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Author's house nixed as tour site

BOISE, Idaho — Plans to open for public tours the Ketchum house where author Ernest Hemingway killed himself in 1961 have been scrubbed, a victory for neighbors who said gawking tourists would have disrupted their upscale neighborhood.

Now the Nature Conservancy, the environmental group that inherited the house in 1986 from the writer's fourth wife, Mary Hemingway, plans to hire a caretaker and use the home for charitable events and fund raising.

The conservancy had originally hoped to change the zoning on the property and then give it to a foundation, which would have offered tours.

But prolonged opposition from neighbors — who threatened to sue — became a liability, said Lou Lunte, the acting director of the environmental group's Idaho chapter.

"We didn't see an impact on fund raising, but certainly it was taking a lot of time," Lunte said. "We were getting a lot of questions about the house. Our focus is wildlife preservation. Spending time answering the questions wasn't allowing us to focus on the incredible features in Idaho we are trying to protect."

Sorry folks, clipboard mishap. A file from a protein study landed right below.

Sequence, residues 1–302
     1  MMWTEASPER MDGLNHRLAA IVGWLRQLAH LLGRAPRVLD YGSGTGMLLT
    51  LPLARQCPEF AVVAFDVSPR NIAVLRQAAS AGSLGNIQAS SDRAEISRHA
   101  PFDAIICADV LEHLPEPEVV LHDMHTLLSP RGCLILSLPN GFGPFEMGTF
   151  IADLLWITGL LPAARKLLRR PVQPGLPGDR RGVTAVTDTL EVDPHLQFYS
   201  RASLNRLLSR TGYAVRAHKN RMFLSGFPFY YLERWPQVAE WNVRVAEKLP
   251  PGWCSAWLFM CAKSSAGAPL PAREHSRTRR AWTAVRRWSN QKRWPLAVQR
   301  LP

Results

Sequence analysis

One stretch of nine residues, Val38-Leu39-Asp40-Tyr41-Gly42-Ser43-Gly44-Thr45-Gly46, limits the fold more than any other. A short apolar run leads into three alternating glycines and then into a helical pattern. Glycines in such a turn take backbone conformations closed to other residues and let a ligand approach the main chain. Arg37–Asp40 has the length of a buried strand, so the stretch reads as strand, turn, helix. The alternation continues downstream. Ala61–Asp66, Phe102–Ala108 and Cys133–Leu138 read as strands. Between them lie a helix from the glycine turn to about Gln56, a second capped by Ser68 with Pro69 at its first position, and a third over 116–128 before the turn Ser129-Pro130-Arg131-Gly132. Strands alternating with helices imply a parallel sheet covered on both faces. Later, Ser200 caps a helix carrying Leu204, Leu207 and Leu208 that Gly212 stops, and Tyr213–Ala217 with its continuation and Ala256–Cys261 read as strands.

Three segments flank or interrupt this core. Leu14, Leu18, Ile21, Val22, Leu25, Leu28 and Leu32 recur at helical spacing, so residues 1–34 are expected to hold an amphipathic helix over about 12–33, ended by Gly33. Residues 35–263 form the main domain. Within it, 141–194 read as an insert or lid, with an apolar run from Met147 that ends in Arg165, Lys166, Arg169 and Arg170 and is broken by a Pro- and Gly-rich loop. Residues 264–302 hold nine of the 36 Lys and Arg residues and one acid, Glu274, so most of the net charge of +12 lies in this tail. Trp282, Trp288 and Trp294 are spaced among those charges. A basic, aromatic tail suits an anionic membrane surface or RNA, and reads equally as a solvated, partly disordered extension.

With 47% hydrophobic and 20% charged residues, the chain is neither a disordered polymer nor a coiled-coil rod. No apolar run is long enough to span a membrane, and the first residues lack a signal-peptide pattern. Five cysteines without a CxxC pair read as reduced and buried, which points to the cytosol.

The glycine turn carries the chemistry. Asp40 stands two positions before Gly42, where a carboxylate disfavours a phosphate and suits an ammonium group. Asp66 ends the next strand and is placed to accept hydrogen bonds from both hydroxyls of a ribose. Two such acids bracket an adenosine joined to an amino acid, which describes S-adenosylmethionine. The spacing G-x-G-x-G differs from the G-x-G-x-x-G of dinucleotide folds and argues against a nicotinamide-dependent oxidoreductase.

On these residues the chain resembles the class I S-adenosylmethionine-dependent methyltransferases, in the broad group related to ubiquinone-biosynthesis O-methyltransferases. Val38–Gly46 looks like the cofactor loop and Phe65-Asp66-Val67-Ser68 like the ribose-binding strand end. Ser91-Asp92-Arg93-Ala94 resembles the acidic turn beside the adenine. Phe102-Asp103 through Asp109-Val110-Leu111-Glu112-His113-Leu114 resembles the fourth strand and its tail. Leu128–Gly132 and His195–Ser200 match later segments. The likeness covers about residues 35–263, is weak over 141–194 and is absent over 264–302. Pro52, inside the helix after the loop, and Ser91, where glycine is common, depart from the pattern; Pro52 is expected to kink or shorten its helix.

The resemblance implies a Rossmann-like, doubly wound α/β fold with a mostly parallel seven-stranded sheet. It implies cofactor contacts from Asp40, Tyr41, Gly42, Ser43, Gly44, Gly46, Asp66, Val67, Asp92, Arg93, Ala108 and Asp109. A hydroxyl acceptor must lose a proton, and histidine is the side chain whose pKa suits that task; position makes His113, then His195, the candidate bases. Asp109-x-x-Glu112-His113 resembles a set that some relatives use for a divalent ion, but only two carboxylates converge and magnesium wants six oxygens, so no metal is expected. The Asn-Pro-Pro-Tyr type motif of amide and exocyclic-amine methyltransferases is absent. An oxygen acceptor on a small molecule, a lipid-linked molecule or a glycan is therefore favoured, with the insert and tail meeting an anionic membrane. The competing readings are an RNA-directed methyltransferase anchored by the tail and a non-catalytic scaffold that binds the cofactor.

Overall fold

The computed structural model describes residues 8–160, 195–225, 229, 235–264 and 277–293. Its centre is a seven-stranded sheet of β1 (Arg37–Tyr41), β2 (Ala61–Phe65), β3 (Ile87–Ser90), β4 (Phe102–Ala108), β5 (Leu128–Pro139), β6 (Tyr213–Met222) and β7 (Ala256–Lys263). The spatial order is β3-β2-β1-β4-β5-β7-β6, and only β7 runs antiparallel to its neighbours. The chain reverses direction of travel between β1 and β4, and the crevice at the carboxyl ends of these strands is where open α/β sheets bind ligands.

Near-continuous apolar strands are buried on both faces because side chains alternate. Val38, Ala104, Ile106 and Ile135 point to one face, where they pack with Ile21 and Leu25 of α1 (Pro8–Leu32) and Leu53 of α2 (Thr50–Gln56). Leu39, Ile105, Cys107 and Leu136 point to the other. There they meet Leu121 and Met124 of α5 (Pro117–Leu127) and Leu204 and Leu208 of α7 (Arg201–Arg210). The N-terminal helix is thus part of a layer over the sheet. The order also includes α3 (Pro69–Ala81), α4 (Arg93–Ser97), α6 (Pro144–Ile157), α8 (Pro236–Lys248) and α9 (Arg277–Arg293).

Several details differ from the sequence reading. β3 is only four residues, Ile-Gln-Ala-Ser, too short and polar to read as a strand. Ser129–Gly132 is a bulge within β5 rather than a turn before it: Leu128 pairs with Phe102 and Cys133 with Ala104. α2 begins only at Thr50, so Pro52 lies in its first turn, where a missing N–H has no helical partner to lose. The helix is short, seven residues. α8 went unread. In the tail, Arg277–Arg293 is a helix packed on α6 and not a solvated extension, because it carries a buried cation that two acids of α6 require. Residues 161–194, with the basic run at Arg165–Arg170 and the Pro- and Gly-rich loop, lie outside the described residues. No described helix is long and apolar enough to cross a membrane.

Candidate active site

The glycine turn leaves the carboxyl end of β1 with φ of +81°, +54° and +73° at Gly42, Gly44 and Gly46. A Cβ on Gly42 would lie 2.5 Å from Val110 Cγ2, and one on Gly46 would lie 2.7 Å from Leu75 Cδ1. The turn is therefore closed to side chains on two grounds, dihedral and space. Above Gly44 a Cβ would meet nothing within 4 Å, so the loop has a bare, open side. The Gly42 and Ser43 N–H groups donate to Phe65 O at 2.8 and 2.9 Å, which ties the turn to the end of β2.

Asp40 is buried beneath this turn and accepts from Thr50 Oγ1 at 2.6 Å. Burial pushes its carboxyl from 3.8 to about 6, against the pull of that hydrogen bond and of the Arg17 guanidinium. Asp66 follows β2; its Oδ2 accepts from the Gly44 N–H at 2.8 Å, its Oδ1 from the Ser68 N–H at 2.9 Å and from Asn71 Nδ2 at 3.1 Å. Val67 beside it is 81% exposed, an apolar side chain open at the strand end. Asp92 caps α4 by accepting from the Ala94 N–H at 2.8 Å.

Traces of Hemingway remain in the home: There's a typewriter on the top floor, beneath a window facing the mountains. Animal heads, including an impala from Africa, adorn the walls, and a painting by Waldo Pierce, one of the author's buddies from 1920s Spain, is mounted in a stairwell.

But neighbors hated the proposal that would have brought as many as two tours to the house daily.

They argued that a road leading to the property was on private land, and wasn't open to even limited tours. They also said that Ketchum city officials would be violating zoning laws if they agreed to allow a public tourist venue in a residential neighborhood.

They also argued that while Hemingway killed himself at the house, he did little or no writing at the property.

Meanwhile, the neighbors have installed "No Trespassing" signs to keep the curious away from the place, located above a 13-acre preserve also overseen by the Nature Conservancy on the Big Wood River.

The conservancy said it will need to raise money to restore the home. Lunte said his group plans to get a professional restoration expert to assess the property and estimate how much money is needed, and the conservancy will schedule functions at the home to raise money.